Finding the perfect sweet spot is an art, as well. Location scouting, talking to your equestrian trainer, and understanding what kind of image you want to create will go a long way in this department.
11. Take Action Shots
A quick guide to horse photography wouldn’t be complete without successfully discussing how to take pictures at competitions or the local rodeo. Keep the following in mind if you’ve been put in a position where you’re tasked with photographing an equestrian event.
Action shots are always the cream of the crop. Your focus for standard horse events should mainly revolve around creating stellar images like the ones we’ve described earlier in this article. Images of motion and action will sell the beauty of the horse to clients and customers and take priority in your portfolio.
Keep your shutter speed high, and your aperture low for a nice bokeh effect and ensure that your images don’t become destabilized. I would even recommend bringing a tripod or monopod along to aid in this endeavor.
Take more photos than you think you’ll need, especially when your first opportunity or job arrives. I would recommend taking more images than you typically shoot during a typical session because an event may have several key moments that you don’t want to miss. This fact is only compounded when you add in the additional hassle of photographing moving animals. At the very least, ensure that you have enough space on your memory card to accommodate several hundred RAW files.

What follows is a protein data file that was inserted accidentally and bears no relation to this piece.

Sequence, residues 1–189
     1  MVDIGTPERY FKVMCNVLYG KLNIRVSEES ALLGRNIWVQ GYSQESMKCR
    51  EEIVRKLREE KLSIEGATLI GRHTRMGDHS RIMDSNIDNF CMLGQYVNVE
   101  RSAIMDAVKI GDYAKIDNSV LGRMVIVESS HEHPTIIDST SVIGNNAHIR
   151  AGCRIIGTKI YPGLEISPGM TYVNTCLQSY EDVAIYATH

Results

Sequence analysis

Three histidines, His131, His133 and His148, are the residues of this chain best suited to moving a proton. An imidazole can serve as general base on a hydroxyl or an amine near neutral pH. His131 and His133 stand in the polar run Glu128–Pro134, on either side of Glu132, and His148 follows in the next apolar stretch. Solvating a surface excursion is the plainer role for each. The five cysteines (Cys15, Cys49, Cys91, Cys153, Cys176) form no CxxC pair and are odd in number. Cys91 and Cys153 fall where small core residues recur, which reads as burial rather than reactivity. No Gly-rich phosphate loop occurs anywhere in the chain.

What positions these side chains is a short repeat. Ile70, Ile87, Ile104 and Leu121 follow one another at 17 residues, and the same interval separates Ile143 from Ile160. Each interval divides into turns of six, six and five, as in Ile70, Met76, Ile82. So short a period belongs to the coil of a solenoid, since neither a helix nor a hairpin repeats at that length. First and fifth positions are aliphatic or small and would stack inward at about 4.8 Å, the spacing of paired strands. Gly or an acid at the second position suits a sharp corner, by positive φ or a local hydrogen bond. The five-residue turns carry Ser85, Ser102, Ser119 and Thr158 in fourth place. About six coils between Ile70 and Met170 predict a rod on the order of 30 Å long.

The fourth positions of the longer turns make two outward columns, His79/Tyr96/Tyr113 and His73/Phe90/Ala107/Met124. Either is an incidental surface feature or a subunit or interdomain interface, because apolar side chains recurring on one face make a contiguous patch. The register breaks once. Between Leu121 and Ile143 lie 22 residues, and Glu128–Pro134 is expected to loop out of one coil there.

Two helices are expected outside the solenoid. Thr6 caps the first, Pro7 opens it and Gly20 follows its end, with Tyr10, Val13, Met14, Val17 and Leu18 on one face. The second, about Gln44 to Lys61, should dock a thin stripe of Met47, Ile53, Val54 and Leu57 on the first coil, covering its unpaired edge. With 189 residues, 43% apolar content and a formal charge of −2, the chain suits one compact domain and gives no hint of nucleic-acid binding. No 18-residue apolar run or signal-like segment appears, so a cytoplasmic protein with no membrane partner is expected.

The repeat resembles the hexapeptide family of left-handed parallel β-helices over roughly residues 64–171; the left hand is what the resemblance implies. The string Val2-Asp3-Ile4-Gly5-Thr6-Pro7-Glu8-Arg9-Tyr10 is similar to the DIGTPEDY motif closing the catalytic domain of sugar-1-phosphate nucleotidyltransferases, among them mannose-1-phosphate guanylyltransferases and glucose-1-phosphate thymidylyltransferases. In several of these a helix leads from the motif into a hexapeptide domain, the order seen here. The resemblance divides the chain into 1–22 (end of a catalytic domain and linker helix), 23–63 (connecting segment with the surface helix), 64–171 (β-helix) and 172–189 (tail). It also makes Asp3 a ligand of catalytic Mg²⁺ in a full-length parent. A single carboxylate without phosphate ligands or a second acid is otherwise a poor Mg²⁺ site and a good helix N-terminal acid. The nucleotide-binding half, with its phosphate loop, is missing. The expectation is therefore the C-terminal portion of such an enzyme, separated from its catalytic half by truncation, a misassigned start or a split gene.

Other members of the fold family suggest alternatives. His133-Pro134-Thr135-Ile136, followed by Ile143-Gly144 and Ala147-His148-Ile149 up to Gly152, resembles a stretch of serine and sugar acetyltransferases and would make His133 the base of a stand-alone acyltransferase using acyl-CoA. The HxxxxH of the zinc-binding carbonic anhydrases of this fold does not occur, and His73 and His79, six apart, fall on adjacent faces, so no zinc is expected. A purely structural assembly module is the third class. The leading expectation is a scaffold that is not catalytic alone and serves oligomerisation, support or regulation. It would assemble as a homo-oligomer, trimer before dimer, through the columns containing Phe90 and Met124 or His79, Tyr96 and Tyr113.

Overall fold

12. Take Portrait Shots
Although 70% of the images you take will be action-oriented, the other 30% should be behind the scenes. This could include quieter moments with the riders off the horse. Other ideas include preparing the horse for the stable or race, feeding or grooming the horses, or anything else that completes the before and after parts of your photographic story.
With proper procedures in place, horse portrait photography can be shot slightly closer to your subject, granted you have permission from their owner or equestrian handler. If you can get closer and find yourself taking photos, make sure that you change your camera’s shutter to its quietest mode. As mentioned earlier, precautions should be taken
not to scare or spook the horse. This is one of the easiest mishaps that can occur without foresight.
Beautiful horse photography is a fun and engaging experience that can take you out of your normal shoot routine and make for an exciting opportunity. Unlike portraits, you automatically have the added benefit of a horse trainer or assistant on set whom you can depend on when shooting.
They will likely have experience working with photographers. Much like many other photographic niches, it often takes a team to produce successful images. Keep this final tip-top of mind when photographing horses, animals, or any other subject. You’ll have a better chance at capturing the wild beauty of our equine friends.